Meet Your New Yankees

As far as trades go, the ones the Yankees made in advance of the non-waiver deadline are pretty low-risk. They added about $5 million in salary (with no obligations for 2011), and Mike Lupica’s concerns that the moves make the Yankees appear “insecure” aside, they gave up nothing of note to acquire Lance Berkman, Kerry Wood, or Austin Kearns. (Plus, they’ll be replacing guys on the big-league roster — Chan Ho Park and Juan Miranda, especially — who Joe Girardi wouldn’t dare use in a big spot anyway.) If they’re all a bust, the Yankees are pretty much where they were a week ago. And if they contribute? Then Brian Cashman’s a genius. So what do you need to know about the men wearing Yankee pinstripes for the first time tonight?

Lance Berkman had, until this weekend, played all 1,592 games of his big-league career with the Houston Astros. He liked it there, too: He’d even vetoed a trade to the White Sox, a team competing for a playoff spot. What’s different about New York? Well for one, he’s pals with Andy Pettitte from their days as teammates with the Astros. He gives the Yankees some stability in the designated hitter spot — the kind they haven’t had since those few weeks when Nick Johnson wasn’t sidelined with one of those Nick Johnson injuries that never heals. Girardi batted him second over the weekend but dropped him to seventh tonight, and though he’s a switch hitter, he’s better from the left side of the plate. (He’s hitting just .188 as a righty facing lefties this season. Needless to say, Berkman isn’t the hitter he once was.) He has two nicknames: Big Puma and Fat Elvis, so finally the Yankees have a use for that otherwise nonsensical dancing Elvis graphic they sometimes show on the scoreboard.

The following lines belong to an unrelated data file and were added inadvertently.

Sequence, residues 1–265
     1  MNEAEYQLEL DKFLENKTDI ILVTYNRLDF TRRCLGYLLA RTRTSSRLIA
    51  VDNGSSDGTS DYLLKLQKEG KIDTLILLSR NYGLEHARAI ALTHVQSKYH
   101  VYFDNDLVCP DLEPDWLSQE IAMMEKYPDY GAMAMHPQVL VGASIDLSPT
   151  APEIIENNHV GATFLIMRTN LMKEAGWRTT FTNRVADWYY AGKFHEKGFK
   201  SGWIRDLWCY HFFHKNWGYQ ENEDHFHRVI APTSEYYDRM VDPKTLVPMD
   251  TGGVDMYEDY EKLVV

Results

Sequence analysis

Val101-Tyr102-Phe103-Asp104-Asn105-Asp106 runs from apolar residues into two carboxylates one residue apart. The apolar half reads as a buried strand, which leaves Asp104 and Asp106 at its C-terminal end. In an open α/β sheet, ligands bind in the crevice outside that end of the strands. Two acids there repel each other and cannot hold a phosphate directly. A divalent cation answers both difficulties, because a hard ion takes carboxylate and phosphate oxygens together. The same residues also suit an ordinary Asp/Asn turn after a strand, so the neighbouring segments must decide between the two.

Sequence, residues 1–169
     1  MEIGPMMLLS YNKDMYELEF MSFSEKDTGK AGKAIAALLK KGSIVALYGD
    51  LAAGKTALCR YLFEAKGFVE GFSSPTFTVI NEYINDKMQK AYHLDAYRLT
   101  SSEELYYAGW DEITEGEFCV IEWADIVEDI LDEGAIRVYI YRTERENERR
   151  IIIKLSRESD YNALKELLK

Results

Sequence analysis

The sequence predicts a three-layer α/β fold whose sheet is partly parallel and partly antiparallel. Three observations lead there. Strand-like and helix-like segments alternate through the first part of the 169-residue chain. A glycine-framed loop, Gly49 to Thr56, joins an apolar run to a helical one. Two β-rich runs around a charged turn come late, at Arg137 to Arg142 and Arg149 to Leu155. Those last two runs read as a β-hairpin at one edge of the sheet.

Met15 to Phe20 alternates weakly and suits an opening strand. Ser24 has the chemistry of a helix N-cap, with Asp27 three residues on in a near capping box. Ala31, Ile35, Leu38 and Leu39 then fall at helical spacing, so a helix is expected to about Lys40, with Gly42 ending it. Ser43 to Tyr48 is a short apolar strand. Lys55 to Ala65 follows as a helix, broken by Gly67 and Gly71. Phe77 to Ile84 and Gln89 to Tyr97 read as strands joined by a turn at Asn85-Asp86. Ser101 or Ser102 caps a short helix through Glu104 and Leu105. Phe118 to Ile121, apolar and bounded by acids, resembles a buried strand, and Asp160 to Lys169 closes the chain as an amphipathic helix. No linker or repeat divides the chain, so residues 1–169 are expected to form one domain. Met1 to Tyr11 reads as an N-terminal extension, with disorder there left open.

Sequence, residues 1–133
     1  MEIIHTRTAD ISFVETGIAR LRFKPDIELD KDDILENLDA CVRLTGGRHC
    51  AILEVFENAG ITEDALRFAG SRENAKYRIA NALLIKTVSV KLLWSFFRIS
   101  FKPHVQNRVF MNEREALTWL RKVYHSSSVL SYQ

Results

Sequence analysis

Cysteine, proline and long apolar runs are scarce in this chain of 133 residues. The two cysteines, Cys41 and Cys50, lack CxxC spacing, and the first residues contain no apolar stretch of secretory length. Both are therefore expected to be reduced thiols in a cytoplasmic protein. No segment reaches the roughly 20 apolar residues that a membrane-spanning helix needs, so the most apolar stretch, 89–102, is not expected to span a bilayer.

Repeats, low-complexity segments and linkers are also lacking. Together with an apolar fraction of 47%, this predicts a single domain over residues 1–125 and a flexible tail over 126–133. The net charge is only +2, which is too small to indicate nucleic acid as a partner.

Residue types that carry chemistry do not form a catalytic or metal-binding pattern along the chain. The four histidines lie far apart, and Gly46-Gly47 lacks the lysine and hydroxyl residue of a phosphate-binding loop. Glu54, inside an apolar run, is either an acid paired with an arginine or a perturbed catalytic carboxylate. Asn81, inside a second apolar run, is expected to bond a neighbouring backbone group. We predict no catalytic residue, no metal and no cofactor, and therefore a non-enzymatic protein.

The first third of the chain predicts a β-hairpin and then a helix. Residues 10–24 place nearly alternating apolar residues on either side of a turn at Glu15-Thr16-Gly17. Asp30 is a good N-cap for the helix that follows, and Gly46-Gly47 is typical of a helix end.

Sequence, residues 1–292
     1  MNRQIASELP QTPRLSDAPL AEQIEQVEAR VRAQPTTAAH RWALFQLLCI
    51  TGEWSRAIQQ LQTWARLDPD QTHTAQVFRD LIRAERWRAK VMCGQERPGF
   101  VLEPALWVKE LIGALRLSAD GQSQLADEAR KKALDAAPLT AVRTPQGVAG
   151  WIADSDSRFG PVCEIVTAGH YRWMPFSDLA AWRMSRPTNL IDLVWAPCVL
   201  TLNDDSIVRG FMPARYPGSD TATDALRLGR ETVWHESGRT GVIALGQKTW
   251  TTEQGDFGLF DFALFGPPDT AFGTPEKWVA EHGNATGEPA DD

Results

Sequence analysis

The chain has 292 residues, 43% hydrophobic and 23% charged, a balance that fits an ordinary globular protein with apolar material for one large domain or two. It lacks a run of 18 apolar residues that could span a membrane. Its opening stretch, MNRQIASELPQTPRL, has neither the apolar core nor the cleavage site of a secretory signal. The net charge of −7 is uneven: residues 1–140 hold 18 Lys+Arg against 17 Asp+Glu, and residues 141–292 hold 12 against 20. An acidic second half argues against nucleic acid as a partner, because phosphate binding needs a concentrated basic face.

Dealing for Kerry Wood eleven years ago would have been the trade of the decade. Now? It gives the Yankees a third option in the eighth inning, with the added bonus of getting Park off the big-league roster. The oft-injured Wood has been on the disabled list twice this year and hadn’t pitched since July 11 until the Yankees used him yesterday, when he struck out three but loaded the bases in the eighth and was bailed out by Chad Gaudin. In 23 appearances, Wood was 1-4 with eight saves, a 6.30 ERA, and a 1.60 WHIP as Cleveland’s closer. Worth noting: Girardi caught Wood when the two were teammates in Chicago. He has no fun nicknames (or at least, none that we’re aware of).

As for outfielder Austin Kearns, he provides some depth in the outfield, and will likely see action against lefties instead of Curtis Granderson. More importantly, when he homers for the first time, John Sterling’s inevitable catchphrase — Austin powers one to left! — should pretty much write itself.

Meet Your New Yankees